Winckelmann and Neo‐Classicism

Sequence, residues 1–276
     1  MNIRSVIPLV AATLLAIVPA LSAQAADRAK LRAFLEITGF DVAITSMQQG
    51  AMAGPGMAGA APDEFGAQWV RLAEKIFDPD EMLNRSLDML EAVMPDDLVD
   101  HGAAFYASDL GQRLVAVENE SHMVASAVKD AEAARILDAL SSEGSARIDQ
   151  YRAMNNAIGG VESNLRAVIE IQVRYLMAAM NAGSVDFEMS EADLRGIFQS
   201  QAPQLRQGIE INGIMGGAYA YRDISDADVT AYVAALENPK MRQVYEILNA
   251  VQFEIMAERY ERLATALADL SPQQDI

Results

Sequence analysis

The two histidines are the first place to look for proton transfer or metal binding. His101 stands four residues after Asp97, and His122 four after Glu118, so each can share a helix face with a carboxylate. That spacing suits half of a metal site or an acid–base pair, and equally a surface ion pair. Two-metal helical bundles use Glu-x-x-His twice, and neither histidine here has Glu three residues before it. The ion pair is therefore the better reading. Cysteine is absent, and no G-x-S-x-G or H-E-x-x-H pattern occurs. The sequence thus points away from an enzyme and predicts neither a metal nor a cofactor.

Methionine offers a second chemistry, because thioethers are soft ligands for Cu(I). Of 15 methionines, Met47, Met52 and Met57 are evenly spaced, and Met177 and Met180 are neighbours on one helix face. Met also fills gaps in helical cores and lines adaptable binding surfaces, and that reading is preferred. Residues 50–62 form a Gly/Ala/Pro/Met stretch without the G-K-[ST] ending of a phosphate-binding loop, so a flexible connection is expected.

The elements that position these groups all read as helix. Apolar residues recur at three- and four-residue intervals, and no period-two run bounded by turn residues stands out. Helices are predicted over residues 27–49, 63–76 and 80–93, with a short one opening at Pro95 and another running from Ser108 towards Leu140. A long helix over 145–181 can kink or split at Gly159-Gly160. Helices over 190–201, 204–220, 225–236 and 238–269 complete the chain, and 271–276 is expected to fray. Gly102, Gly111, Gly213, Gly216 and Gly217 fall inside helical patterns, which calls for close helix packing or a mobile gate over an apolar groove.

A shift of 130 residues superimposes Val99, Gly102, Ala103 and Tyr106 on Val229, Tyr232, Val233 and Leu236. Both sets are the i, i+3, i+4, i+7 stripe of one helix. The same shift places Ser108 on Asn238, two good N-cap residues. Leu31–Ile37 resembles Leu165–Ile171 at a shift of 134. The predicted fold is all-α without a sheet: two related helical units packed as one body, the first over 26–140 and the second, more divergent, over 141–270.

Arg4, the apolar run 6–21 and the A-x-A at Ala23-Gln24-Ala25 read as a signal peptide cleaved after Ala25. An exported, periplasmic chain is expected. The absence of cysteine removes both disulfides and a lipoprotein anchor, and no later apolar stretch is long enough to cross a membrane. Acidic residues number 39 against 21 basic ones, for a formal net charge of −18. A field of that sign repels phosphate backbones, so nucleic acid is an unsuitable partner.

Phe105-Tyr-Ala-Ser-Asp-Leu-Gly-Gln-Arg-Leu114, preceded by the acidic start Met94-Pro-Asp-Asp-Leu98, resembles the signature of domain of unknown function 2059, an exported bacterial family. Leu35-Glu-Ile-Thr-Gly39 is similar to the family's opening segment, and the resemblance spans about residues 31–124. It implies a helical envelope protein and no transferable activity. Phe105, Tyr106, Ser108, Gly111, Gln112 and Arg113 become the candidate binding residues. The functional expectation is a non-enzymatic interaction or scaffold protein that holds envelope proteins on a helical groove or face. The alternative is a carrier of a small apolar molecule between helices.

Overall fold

This chapter focuses on Johann Joachim Winckelmann, a student of Baumgarten who later became one of the most celebrated writers of his day. Winckelmann is generally regarded as the father of art history. Winckelmann's influence on his age was by all accounts enormous, and he became almost a cult figure in his own lifetime. With the possible exception of Klopstock, no German writer was held in such high regard. Winckelmann was admired by every major thinker of his generation — Lessing, Abbt, Nicolai, Mendelssohn, and Herder — and he was virtually canonized in the Goethezeit. In the early 1800s Goethe made him the patron saint of his own paganism and neo-classicism, invoking his memory to taunt the emerging Romantic movement. But the romantics too sanctified him. Even after his rebellion against neo-classicism, Friedrich Schlegel still revered ‘der heilige Winckelmann’.
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